People who suffer from chronic urinary tract infections may want to put down the cranberry juice. The once-promising cranberry treatment is looking less and less like an alternative cure-all for UTIs, and more like a folk tale.
A recent randomized controlled trial, the highest standard of scientific evidence, found that people who took cranberry capsules didn't protect themselves from a urinary tract infection any more than people who took placebo pills.
This is disappointing for the scientists urgently looking for new cures for this common infection. While antibiotics can cure UTIs, overuse can create antibiotic resistance in bacteria that cause the infection, leading to hard-to-treat illnesses. Already, UTIs caused by antibiotic resistant bacteria have popped up on the U.S. Centers for Disease Control and Prevention's radar, and if they spread to become a serious threat, the superbugs could wreak havoc on a healthcare system that has no other way to cure these infections.
Cranberry has no effect on a person's UTI risk
Correlational studies, which are weaker kinds of scientific evidence that measure the relationship between variables and outcomes, finds that people who regularly drink cranberry juice or take cranberry capsules are less likely to get UTIs.
But that relationship doesn't stand up when tested with a randomized controlled trial, which is a way for scientists to compare the outcomes of one group who takes the medicine with a control group that takes an inert substance.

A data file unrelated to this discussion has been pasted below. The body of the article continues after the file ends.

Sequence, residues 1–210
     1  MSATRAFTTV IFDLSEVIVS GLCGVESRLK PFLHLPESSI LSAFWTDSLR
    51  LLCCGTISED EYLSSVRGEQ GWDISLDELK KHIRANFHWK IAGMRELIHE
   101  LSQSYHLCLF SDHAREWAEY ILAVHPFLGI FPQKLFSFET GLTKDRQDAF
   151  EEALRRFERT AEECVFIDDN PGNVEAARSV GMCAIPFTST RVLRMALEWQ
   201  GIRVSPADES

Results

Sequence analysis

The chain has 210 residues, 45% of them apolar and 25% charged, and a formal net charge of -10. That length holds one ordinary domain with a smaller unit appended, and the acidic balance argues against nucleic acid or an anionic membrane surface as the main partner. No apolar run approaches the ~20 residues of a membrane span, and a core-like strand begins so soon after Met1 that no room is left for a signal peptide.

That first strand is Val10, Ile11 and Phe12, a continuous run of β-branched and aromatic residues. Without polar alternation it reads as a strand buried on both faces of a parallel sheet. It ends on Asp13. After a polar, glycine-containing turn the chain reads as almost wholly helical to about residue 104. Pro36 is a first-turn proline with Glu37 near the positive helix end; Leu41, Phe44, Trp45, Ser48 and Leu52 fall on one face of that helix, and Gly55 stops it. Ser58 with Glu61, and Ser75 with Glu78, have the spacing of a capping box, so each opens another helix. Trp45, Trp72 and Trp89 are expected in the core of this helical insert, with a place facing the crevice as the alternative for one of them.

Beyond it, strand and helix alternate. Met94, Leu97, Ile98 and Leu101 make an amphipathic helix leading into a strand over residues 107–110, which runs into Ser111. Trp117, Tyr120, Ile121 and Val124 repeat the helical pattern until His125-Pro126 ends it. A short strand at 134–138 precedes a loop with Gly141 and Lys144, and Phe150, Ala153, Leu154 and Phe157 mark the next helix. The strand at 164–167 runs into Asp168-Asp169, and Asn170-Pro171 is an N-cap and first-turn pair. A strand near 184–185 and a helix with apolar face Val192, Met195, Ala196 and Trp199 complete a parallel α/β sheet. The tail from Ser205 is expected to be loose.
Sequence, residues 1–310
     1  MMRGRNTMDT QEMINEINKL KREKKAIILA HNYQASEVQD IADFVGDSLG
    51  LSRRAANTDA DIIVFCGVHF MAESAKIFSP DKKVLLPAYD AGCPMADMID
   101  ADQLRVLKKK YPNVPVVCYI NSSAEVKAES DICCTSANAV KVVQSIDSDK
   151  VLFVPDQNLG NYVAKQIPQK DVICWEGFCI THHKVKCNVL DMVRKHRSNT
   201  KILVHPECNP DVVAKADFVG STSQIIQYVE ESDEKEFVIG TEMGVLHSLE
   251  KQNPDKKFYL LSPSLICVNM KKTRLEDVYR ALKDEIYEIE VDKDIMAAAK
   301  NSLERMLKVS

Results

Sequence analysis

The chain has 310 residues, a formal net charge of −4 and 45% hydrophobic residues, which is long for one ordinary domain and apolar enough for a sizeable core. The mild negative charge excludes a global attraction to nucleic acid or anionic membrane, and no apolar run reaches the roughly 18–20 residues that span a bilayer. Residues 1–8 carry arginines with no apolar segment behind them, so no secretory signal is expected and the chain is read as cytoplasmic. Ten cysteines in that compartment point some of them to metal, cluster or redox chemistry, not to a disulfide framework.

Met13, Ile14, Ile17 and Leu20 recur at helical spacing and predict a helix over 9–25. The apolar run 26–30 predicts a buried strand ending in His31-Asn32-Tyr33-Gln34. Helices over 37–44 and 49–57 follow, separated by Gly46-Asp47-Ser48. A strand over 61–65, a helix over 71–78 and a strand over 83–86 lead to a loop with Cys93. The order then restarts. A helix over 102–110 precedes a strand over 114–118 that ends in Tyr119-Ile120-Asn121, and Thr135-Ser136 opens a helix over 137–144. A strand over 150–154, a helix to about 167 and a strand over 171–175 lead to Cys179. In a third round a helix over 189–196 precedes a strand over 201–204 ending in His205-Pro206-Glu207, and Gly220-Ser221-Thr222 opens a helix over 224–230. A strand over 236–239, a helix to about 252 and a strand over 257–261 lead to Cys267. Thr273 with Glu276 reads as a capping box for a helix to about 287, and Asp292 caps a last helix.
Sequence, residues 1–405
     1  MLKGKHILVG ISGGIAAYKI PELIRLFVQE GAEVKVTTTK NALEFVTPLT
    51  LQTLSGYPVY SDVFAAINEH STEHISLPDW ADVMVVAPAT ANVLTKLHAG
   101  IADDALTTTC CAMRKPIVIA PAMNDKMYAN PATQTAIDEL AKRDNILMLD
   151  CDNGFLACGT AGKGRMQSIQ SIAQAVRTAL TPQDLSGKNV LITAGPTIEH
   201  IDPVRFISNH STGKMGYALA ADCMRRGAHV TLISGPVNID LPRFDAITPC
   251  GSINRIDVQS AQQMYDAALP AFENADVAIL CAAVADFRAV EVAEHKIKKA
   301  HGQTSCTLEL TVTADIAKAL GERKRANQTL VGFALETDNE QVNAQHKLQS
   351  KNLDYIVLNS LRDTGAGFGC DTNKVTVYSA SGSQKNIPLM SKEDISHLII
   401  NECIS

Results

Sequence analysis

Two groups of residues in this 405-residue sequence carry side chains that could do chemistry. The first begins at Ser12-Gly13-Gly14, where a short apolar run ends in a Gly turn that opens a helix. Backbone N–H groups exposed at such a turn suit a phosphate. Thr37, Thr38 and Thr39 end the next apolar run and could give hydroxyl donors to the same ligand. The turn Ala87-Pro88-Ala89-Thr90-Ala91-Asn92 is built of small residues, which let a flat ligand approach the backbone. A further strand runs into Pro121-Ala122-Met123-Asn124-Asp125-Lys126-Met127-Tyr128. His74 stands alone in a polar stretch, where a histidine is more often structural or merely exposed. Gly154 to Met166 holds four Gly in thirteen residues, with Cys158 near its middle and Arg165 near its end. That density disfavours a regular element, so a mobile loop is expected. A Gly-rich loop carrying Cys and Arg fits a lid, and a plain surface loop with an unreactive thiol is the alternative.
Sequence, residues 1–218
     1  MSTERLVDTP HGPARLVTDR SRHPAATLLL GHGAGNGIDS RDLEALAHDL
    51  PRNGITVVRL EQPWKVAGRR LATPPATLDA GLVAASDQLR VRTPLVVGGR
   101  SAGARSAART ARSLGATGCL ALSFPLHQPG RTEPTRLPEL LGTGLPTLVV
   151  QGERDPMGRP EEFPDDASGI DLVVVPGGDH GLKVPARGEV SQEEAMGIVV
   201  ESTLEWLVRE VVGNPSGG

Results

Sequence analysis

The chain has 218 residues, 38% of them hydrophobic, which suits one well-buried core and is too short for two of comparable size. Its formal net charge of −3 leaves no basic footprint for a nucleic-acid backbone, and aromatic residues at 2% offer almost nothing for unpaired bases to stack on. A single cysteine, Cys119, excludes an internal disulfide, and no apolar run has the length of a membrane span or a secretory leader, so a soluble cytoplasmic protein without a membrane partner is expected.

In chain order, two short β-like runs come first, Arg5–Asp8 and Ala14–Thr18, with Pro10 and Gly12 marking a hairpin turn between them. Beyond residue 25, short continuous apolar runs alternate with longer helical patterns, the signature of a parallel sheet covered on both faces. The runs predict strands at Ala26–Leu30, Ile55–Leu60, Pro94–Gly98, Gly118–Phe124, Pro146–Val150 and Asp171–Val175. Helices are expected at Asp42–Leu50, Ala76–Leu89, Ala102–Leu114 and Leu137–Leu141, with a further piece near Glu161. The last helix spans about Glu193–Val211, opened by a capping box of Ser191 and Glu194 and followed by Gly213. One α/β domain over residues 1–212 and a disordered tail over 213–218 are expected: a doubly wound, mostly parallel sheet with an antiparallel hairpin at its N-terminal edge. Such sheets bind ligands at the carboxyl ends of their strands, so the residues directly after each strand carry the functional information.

For instance, in this most recent trial, published in the journal JAMA, researchers randomly divided 185 female nursing home residents with an average age of 86 into two groups: those who swallowed two cranberry capsules every day, and those who swallowed a placebo capsule. UTIs are a common problem among older women, and are the most frequently reported infection among people in long-term care.
In total, the two cranberry capsules contained 72 milligrams of the active ingredient proanthocyanidin, or the equivalent of 20 ounces of cranberry juice. Proanthocyanidins are thought to prevent bacteria from sticking to the cells of the urinary tract.
Over the course of one year, researchers measured two things in these women's urine every two months: the presence of bacteria and the presence of pyuria, or white blood cells (pus), that would indicate an infection.
At the end of the trial, they found there were no significant differences in UTI rates between women who took the cranberry capsules and those who took the placebo.
Back to the drawing board
It's time for both doctors and the popular health media to move away from cranberry cures, wrote Dr. Lindsay E. Nicolle of the University of Manitoba in an editorial that accompanied the JAMA study.
“Any continued promotion of the use of cranberry products seems to go beyond available scientific evidence and rational reasoning,” she wrote. Nicolle also points out that this most recent study is just the latest of several studies that cast doubt on cranberry juice as a way to prevent or cure recurrent UTIs in women of all ages.
While scientists continue exploring new, non-antibiotic ways to cure recurrent UTIs, it looks like the only non-pharmaceutical weapon we have against them is prevention. That includes wiping your genitals from front to back after using the toilet, washing your genitals before and after sex, and steering clear of feminine “hygiene” products.
Bottom line: If you're a cran fan, enjoy the juice for its taste ― not its mythic urinary tract-protecting reputation.
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